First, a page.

Video screenshot of a C-17 Globemaster as it sits on the runway at Peter O. Knight airport in Tampa, Fla., last July after its crew landed there by mistake instead of the nearby MacDill Air Force Base. An Air Force investigation into the incident, released Jan. 23, 2013, through Freedom of Information Act requests, blamed pilot fatigue as one of the contributing factors. (WTSP-TV Tampa)
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The video of a hulking C-17 landing at a tiny civilian airport last summer went viral. How could a pilot mistake the Tampa airstrip for nearby MacDill Air Force Base? Turns out, the crew was tired, and they were using personal iPads to review changes to their mission plans because the airport they were departing from did not have a working printer, according to an Air Force report on the incident released Jan. 23.
The report, obtained through a Freedom of Information Act request, makes no mention of the C-17's VIP passenger: Marine Corps Gen. James Mattis, commander of U.S. Central Command.
According to the Tampa Bay Times, Mattis was unfazed by the mistaken landing at Peter O. Knight Airport.
"The young pilot did a good job landing, albeit on the wrong strip," Mattis told the newspaper, which first obtained a copy of the Hazardous Air Traffic Report through a FOIA request.
The C-17 crew, assigned to 305th Air Mobility Wing at Joint Base McGuire-Dix-Lakehurst, N.J., departed July 20 from Rome Ciampino Airport. The crew was originally ordered to fly from Rome to Kabul International Airport, Afghanistan, and on to Ramstein Air Base, Germany. Shortly before flight, orders changed to Joint Base Andrews, Md., and finally to MacDill. The airport didn't have planning facilities in Rome, or even a working printer, so they had to use personal iPads to review mission materials before the 5:20 a.m. takeoff, according to the report.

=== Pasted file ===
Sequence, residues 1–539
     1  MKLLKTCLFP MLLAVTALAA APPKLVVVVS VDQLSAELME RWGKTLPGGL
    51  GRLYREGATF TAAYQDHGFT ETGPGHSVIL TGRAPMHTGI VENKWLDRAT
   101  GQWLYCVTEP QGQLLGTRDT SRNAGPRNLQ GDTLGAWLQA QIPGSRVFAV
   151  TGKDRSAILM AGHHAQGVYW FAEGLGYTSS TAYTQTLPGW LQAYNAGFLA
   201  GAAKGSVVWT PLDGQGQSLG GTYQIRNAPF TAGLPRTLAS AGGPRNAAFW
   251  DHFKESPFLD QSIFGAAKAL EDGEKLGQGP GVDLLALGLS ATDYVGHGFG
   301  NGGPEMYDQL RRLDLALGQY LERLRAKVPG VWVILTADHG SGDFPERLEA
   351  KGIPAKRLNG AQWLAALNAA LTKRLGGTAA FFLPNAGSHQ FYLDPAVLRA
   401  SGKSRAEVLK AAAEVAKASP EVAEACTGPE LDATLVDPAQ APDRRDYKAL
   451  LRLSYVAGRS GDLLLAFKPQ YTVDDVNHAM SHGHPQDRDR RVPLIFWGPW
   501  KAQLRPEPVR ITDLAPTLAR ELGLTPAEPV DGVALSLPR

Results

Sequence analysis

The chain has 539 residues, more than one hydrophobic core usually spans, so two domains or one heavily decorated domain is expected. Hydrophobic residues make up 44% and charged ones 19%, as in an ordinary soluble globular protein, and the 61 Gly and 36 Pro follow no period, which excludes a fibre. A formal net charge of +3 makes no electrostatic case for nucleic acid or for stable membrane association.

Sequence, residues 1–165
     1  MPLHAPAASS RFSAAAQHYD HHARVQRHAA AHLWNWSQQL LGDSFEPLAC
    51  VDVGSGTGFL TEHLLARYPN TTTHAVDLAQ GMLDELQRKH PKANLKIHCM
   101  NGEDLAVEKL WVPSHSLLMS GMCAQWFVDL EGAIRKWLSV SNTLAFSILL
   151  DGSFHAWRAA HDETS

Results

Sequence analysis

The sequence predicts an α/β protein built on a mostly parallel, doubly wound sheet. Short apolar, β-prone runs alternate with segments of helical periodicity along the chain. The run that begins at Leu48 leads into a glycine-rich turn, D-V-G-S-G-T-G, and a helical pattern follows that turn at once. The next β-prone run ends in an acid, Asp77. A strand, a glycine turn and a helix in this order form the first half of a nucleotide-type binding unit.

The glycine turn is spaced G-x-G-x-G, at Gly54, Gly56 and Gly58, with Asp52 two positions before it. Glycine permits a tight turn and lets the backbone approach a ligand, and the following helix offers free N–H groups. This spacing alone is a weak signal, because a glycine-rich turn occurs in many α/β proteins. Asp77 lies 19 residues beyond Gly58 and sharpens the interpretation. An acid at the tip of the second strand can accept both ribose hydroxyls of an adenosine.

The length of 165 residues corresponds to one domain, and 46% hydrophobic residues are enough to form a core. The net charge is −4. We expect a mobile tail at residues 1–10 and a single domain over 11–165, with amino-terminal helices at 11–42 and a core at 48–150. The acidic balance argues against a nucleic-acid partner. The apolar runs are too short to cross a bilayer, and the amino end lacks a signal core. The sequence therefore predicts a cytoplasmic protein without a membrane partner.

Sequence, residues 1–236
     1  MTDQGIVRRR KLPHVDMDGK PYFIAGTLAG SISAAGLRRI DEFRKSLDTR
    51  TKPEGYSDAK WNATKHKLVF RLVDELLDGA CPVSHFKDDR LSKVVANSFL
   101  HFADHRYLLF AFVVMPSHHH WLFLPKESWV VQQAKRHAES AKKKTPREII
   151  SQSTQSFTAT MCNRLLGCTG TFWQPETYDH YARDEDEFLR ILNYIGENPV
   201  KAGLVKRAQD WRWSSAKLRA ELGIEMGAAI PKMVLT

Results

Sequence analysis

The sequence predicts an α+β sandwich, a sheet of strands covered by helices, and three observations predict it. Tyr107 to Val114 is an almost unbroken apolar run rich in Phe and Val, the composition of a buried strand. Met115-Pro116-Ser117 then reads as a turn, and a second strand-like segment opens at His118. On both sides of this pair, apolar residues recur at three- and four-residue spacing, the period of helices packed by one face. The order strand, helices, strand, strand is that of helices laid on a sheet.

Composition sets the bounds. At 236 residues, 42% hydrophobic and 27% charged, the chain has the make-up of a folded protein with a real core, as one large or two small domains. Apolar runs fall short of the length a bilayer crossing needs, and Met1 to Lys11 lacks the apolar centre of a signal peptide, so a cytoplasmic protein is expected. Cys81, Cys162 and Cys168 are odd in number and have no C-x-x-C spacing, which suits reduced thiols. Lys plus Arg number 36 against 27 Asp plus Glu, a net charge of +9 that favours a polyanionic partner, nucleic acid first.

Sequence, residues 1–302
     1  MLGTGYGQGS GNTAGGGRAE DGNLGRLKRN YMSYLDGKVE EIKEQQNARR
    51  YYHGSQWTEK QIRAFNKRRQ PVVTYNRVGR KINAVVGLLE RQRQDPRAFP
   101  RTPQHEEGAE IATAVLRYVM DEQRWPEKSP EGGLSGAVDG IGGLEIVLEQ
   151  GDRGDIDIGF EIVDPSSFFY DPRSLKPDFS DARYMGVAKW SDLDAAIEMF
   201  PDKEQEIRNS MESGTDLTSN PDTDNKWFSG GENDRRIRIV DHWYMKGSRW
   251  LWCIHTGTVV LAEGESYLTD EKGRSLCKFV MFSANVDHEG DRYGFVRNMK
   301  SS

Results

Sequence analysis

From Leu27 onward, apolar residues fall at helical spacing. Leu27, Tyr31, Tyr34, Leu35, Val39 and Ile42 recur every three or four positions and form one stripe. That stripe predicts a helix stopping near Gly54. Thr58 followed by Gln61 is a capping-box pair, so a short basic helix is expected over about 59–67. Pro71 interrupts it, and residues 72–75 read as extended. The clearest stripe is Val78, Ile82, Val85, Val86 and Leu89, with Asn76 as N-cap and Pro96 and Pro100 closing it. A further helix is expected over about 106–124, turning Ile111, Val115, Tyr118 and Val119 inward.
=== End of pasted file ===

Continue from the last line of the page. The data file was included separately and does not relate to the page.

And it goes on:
Three hours after an uneventful takeoff, the C-17 was refueled over the Atlantic. The C-17's co-pilot told the crew he was too tired to conduct the aircraft refueling so another flight-qualified crew member took over. The refueling went smoothly, but the crew member said he felt "shot" after it, giving the controls back to the co-pilot.
At about 5:07 p.m., the C-17 began to descend for its approach to runway 22 after getting instructions from the tower at MacDill. However, the pilot lined the jet up to land at runway 22 at Peter O. Knight Airport, which does not operate a tower, and began a visual descent, touching down at 5:11 p.m. Halfway down the runway, the crew noticed they were running out of room on the landing strip. The pilot slammed on the brakes, and the C-17 came to a rest at the end of the 3,405-foot runway. Runway 22 at MacDill is 11,421 feet, according to AirNav.com.
The report found several causes for the incident, including a lack of sleep for the entire crew. The crew had two days off in Rome before the mission. They spent one day touring and having an "uneventful" dinner the night before the mission.
"Although they had the opportunity for at least 8 hours of sleep during their crew rest, several of the crewmembers reported sleeping for only a few hours," the report states.
The crew blamed the lack of rest on multiple factors, including the change of time zones. The pilot said he lost his cell phone in a Rome taxi, and his anxiety over the lost phone kept him from getting enough sleep. A Fatigue Avoidance Scheduling Tool program, a computer measurement of the effects of fatigue, found the pilot had 79 percent effectiveness, the co-pilot had 89 percent cognitive effectiveness, and the additional crew member had 72 percent. Seventy percent cognitive effectiveness is equivalent to a blood-alcohol level of 0.08, according to the report.
"Both the [pilot and co-pilot] reported feeling tired, but also feeling like they could still function properly during the approach to landing at MacDill," the report states.
C-17s use various indicators in the cockpit to lead the crew to the correct airfield, but on this approach, the plane's heads-up displays and multifunction displays were configured in a way that did not show navigation information, according to the report.
The pilot on the approach had configured his display to show the aircraft's configuration for landing, which is normal for C-17 pilots, but prevents the pilot from seeing navigation information. The co-pilot also failed to watch the mission line on his side of the aircraft or other instrument displays that would have confirmed the jet was heading toward the right runway.
The report found other contributing factors such as complacency after several difficult missions by the crew, visual illusion of similar runways on approach and similar runway identifiers at Peter O. Knight and MacDill.